Barack and Michelle Obama’s return to Chicago caps off a five-year journey to a groundbreaking that was expected to happen far earlier, with the center originally slated to open this year.
Instead, shovels only hit the ground last month after a legal bid to halt construction failed in the U.S., Supreme Court.
Opening day is now scheduled for 2025, but the park preservationists determined to get the Obama Foundation to relocate the campus remain confident in their latest pending lawsuit.
At the same time, the Obama Community Benefits Agreement Coalition, a group of activists demanding more protections for residents they fear will be displaced by the project, said they haven’t given up their fight either.
The coalition staged a protest next to the Jackson Park site at noon on Tuesday in support of affordable housing measures for South Shore, similar to the City Hall ordinance for Woodlawn renters and homeowners passed last year.
Nonetheless, the 44th president said his excitement prevails in the face of the local pushback, insisting that the complex, in spite of fierce opposition to its location from park preservationists, will “preserve and enhance Jackson Park.’’
“It will reunify parkland, plant new trees, provide new habitat for birds and wildlife,” Obama said.
“As Michelle noted, we are also going to open this park up to the community.”
And Chicago Alderman Leslie Hairston, whose 5th Ward covers part of South Shore, said: “it’s a different approach” when asked whether her neighbourhood requires a community benefits agreement modeled after the Woodlawn ordinance, as protesters demanded.
Hairston said Lightfoot’s administration will be releasing a more detailed plan on housing in South Shore within weeks.
“The demographics of South Shore are different than the demographics of Woodlawn, meaning there is no land to build anything in parts of South Shore, at least from 67th to 71st, from South Shore Drive to Stony Island (Avenue).’’
Hairston said this in an interview ahead of the ceremony. All of that land is full so we don’t have the same issues.
Before the start of Tuesday’s ceremony, a small aircraft carried a banner reading, “Stop cutting down trees.
Move OPC” in the sky above the small gathering of Obama Foundation and city officials. Hours later, Protect Our Parks, the group that is suing to stop the project, tweeted that the Obama Center will bring “devastation” to the park and the community.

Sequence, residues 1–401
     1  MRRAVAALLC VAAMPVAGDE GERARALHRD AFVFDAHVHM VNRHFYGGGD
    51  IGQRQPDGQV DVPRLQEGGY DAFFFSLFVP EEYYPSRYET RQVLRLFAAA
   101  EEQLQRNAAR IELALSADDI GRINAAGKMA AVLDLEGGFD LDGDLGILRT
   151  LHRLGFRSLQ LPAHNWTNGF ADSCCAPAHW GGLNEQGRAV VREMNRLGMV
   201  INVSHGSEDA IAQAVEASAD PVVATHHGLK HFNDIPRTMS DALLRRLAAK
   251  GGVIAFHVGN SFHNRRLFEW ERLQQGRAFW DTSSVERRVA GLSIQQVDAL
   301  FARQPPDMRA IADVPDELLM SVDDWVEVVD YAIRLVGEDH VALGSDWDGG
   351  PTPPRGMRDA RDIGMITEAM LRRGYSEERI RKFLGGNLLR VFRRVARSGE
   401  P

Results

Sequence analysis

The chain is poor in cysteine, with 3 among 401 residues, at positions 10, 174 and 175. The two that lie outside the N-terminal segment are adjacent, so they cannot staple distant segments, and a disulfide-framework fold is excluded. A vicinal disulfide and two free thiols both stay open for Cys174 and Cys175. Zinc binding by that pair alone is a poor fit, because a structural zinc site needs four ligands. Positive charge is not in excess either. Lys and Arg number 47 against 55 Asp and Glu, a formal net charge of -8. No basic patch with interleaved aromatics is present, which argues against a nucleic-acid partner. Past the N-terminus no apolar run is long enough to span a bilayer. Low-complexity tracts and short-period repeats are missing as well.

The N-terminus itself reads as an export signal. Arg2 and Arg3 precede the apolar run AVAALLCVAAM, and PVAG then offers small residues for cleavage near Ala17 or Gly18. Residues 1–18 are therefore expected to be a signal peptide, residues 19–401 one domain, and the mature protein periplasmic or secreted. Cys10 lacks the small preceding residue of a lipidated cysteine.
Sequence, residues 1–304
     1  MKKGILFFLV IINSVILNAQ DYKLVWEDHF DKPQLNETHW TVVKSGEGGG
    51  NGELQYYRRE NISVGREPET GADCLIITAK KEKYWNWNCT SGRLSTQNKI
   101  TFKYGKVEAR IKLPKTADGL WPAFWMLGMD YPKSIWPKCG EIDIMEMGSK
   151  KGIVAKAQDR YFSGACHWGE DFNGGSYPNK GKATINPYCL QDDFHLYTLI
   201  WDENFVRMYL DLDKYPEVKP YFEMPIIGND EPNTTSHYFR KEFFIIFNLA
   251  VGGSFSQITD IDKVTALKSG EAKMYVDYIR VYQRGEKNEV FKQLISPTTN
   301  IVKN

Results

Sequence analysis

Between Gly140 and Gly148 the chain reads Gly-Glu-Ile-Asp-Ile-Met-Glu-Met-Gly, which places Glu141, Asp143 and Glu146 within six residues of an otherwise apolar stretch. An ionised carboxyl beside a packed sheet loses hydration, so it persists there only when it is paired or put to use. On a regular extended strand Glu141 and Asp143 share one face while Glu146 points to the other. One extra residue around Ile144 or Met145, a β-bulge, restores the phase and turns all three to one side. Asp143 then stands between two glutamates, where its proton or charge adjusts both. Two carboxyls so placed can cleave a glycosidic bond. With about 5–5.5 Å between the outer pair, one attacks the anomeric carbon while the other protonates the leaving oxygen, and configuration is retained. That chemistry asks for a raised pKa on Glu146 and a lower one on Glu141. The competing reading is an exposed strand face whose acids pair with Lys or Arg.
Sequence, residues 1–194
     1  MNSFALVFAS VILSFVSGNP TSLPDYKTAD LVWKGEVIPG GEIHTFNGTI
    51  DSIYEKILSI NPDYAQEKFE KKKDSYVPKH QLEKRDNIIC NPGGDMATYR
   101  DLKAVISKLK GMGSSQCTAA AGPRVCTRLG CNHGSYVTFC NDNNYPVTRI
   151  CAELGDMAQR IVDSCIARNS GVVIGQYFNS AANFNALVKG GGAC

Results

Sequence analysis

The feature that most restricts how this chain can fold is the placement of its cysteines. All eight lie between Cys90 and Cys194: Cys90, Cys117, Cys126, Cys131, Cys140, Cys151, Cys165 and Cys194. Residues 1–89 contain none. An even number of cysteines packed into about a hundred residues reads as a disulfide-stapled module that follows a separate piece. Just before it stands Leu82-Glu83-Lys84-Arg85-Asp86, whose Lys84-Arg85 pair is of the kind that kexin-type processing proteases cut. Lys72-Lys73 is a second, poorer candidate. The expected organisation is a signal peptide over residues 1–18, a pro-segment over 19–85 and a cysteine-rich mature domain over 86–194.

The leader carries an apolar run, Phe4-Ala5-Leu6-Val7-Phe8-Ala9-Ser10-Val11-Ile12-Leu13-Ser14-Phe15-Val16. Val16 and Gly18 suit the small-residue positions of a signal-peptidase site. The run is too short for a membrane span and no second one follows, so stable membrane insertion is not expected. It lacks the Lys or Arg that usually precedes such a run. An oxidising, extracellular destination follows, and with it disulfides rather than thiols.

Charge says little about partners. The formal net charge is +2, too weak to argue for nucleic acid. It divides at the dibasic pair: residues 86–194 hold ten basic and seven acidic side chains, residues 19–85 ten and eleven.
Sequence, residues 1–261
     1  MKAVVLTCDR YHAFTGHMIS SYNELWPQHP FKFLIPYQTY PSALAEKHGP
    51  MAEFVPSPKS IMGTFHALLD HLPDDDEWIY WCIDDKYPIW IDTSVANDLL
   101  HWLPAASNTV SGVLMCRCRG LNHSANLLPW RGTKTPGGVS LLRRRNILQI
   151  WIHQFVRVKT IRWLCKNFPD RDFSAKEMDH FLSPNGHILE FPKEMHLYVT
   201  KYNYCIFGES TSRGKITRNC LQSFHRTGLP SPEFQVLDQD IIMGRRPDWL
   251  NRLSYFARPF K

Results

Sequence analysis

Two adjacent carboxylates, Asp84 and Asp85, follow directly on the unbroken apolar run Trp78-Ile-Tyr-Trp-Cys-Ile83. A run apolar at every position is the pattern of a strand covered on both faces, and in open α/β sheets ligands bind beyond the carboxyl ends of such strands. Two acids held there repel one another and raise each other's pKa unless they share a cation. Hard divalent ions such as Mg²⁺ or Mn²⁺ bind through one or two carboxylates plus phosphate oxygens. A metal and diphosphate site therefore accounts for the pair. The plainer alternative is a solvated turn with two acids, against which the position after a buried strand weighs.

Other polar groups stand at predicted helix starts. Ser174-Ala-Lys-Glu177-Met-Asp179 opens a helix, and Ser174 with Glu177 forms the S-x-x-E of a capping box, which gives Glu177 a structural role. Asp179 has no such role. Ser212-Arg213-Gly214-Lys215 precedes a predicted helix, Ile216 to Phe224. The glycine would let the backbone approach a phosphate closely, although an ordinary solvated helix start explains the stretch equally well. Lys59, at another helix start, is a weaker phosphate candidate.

“The homecoming of the former president and first lady should be a moment of pride for Chicagoans. On this visit, though, we hope they will mourn the devastation of the initial clear-cutting of the mature trees and the destruction of the Women’s Garden in Jackson Park, in addition to the long-term environmental and public health dangers that will ensue,” the group wrote.
The 19.3-acre, 700-million-dollar Obama Presidential Center will contain a 235-foot-tall tower housing the museum with artifacts from the former president’s upbringing, presidential campaigns and eight-year tenure in the White House.
A public forum and plaza, athletic and recreation centre, a new branch of the Chicago Public Library, play area, and sledding hill will also be built.
Obama departed from traditional presidential libraries by opting out of the National Archives and Records Administration’s network and its funds.
Instead, the official records from his time in the Oval Office will be digitised.
An economic study commissioned by the Obama Foundation projected a 3.1-billion-dollar impact and roughly 700,000 annual visitors.
Up to 5,000 “direct and indirect” jobs would also be created throughout the center’s construction, with a focus on workers hailing from the South and West sides, according to the foundation.
At the ceremony’s conclusion, Obama nodded to young activists across the world “rolling up their sleeves” for issues from climate change to racial equality, saying he has great faith in the promise of the next generation.
Then he declared, “Now, we’re going to grab some shovels and break some ground,” leading his wife, Lightfoot, and Pritzker as the four picked up shovels, and dirt was at last turned.